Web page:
Today’s bits: Buffett to sell beach-house as home-ownership rates (for the rest of us) decline

  • The Decline of Homeownership – The homeownership rate—the percentage of households that own rather than rent the homes that they live in—has fallen sharply since mid-2005. In fact, in the second quarter of 2016 the homeownership rate fell to 62.9 percent, its lowest level since 1965. (Fed)
  • Warren Buffett’s Beach House for Sale – Speaking of a decline in home ownership, Warren Buffett has listed his longtime California beach house for sale. If you are interested, it’s listed for $11 million. He paid $150K in 1971. If he get’s his asking price, that will result in a compounded annual rate of return of 9.79%….  Had he put his money into an S&P 500 account, he would have gotten a return rate of 8.24% (excluding dividends). (Curbed)
  • Peer to Peer Lending on the decline – The sluggish returns have been a disappointment for investors who were hoping the online consumer space would offer fatter yields. Part of what is hurting performance: higher-than-expected defaults on older batches of unsecured consumer loans. Online lenders rely on outside money managers to buy their loans, and diminished returns could prompt some managers to shift into other asset classes. (WSJ)

Image source: WSJ

  • 7 Life-Altering Reasons To Become Debt-Free Now – Do you want to know the real Reasons To Become Debt-Free?  What has transpired from that has been more than we could imagine. We share ideas for dropping your spending each month from recipes, DIY projects, ways to cut the budget, gardening and so much more. We also share many ideas for increasing your income each month so that you can carry out the 2% rule that we teach to help you reach your financial goals. (The Thrifty Couple)
  • Now you can do your taxes without filling out the health insurance question – If you want to keep your health insurance status a secret from the IRS, the Trump administration just made it a little easier. The policy change, confirmed by the IRS on Wednesday after elements were reported by the libertarian magazine Reason, does not do away with the Affordable Care Act’s requirement that all Americans who can afford it obtain health insurance or pay a fine. But it might make it a little harder for the IRS to figure out who is breaking the rules. (Sun)
  • The 50 most expensive colleges in America – Tuition at both public and private schools continues to rise at a fast clip, and Americans collectively owe more than $1.3 trillion in student loan debt. Using data from the College Board‘s Trends in College Pricing and The Chronicle of Higher Education‘s helpful interactive chart, Business Insider rounded up the most expensive colleges in America. The ranking uses tuition data from the 2016-17 academic year and looks at each school’s full sticker price — published tuition and required fees, as well as room and board — rather than tuition numbers alone. Harvey Mudd College earned the top spot with a total cost of $69,717, but it’s high price wasn’t an outlier. Every school on the list holds a price tag well over $60,000, with the most expensive schools coming in closer to $70,000.  (Your Money)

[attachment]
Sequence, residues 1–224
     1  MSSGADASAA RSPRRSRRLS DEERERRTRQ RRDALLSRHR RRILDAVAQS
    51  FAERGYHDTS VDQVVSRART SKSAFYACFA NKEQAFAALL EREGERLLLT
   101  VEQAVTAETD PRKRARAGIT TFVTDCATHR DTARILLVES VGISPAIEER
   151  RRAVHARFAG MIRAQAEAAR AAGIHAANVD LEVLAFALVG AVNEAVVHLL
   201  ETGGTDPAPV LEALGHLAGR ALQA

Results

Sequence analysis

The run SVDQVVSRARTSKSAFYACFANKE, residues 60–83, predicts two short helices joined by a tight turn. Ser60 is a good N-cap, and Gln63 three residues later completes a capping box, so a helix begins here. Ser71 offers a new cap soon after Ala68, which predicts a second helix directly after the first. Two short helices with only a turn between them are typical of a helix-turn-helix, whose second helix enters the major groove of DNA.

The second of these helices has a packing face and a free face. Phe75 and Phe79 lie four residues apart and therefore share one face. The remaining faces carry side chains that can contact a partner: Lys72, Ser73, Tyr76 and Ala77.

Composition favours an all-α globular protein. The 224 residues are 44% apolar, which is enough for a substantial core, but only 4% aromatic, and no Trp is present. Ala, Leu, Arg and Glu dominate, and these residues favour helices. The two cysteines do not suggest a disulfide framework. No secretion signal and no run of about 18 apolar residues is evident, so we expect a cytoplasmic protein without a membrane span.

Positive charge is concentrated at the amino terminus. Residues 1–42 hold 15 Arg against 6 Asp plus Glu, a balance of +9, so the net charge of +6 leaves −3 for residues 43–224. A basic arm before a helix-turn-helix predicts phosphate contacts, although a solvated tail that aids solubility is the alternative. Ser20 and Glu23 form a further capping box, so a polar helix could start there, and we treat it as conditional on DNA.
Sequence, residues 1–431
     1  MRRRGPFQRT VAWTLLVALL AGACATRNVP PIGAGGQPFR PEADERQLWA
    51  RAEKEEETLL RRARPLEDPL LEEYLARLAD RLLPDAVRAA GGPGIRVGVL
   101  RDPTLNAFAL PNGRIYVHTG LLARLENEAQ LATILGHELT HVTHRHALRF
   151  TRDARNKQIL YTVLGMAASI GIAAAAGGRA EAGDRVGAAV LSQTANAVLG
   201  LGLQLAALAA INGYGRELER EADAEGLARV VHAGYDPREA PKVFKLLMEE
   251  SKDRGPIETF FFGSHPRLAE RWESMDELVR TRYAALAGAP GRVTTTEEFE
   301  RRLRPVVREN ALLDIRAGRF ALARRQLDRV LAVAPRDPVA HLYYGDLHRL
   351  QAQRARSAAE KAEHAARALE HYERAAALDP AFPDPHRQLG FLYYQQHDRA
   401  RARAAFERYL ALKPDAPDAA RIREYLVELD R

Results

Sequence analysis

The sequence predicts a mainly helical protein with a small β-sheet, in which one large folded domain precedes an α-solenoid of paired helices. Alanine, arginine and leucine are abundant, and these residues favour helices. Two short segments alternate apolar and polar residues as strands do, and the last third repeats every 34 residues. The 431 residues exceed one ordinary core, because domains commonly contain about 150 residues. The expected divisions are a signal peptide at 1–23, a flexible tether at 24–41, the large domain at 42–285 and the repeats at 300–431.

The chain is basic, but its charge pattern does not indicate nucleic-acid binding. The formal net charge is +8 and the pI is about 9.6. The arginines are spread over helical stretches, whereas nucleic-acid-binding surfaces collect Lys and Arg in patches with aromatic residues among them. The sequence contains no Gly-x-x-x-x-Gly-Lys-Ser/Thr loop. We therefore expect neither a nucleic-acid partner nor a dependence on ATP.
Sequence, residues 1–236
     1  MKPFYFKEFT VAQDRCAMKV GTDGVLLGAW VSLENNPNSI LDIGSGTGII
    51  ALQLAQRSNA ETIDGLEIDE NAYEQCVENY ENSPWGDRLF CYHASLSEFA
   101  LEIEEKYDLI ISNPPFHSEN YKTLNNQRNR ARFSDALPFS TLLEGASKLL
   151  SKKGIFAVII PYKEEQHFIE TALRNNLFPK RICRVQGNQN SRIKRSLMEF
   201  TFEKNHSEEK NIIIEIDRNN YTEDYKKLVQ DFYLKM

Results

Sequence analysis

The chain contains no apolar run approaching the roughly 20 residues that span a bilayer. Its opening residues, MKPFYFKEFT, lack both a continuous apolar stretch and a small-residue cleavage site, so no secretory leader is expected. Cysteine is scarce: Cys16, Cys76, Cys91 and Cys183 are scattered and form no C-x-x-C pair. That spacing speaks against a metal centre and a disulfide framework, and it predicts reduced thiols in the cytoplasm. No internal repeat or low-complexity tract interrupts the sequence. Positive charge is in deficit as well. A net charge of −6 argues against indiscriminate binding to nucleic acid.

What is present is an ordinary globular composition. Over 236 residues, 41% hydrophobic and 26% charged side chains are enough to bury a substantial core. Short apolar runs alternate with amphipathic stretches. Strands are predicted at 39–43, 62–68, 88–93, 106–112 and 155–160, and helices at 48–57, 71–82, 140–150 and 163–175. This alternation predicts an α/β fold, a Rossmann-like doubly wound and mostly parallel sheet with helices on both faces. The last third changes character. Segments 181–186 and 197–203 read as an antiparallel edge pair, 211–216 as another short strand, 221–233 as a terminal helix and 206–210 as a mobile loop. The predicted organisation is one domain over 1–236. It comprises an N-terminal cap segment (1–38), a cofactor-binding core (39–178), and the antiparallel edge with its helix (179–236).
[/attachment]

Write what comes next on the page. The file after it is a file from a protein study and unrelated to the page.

• 4 Ways To Steer Clear Of Money Scams – You work hard for your money, so you definitely want to keep as much of it around as you can for as long as possible. Saving for the future and earning interest on your money should be a top goal, but you want to be careful. All investments come with some risk, of course, but you definitely want to avoid flat-out financial scams that could leave you high and dry. (Frugal Wiz)
  • Five tips for investing in your 30s – In your 20s, funding your 401(k) might have sounded like a good goal … for your 30s. Now that your 30s are here, you may be nervously noticing the countless articles on the virtues of investing in your 20s. Don’t worry. You’re definitely not too old. (LA Times)
  • Six keys to successful investing – A successful investor maximizes gain and minimizes loss. Though there can be no guarantee that any investment strategy will be successful and all investing involves risk, including the possible loss of principal, here are six basic principles (Valdosta Times)
  • Is socially responsible investing for you? – In the 1950’s, a convent of nuns wanted to invest a couple million dollars. They quickly discovered that they held personal religious commitments inconsistent with many of the industries they were looking at. Each business they considered. (St. George)

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